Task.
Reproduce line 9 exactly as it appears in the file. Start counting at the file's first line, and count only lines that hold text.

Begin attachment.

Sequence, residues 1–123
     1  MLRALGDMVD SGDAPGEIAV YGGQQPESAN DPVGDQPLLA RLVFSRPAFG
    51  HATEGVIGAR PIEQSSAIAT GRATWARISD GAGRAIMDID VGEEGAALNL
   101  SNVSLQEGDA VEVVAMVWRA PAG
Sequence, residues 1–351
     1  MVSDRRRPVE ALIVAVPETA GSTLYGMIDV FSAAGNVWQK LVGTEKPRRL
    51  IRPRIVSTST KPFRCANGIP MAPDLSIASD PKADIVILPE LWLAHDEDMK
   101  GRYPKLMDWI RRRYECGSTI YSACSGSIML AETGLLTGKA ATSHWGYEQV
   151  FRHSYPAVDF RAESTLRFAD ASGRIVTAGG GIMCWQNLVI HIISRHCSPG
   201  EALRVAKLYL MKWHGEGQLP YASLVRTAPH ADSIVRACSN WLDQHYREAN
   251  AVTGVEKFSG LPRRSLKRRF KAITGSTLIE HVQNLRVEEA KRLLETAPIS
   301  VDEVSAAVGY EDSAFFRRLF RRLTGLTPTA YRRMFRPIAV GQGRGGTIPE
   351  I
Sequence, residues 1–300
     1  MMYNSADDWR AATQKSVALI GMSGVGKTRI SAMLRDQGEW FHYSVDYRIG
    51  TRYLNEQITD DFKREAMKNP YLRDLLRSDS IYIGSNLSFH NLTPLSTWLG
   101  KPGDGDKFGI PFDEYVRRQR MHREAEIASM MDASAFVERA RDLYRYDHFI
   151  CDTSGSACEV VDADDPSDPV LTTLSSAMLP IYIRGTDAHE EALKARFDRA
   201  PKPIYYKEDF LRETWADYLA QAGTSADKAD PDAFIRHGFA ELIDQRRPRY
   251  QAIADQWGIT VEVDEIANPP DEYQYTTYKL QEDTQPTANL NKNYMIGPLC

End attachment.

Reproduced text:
   151  FRHSYPAVDF RAESTLRFAD ASGRIVTAGG GIMCWQNLVI HIISRHCSPG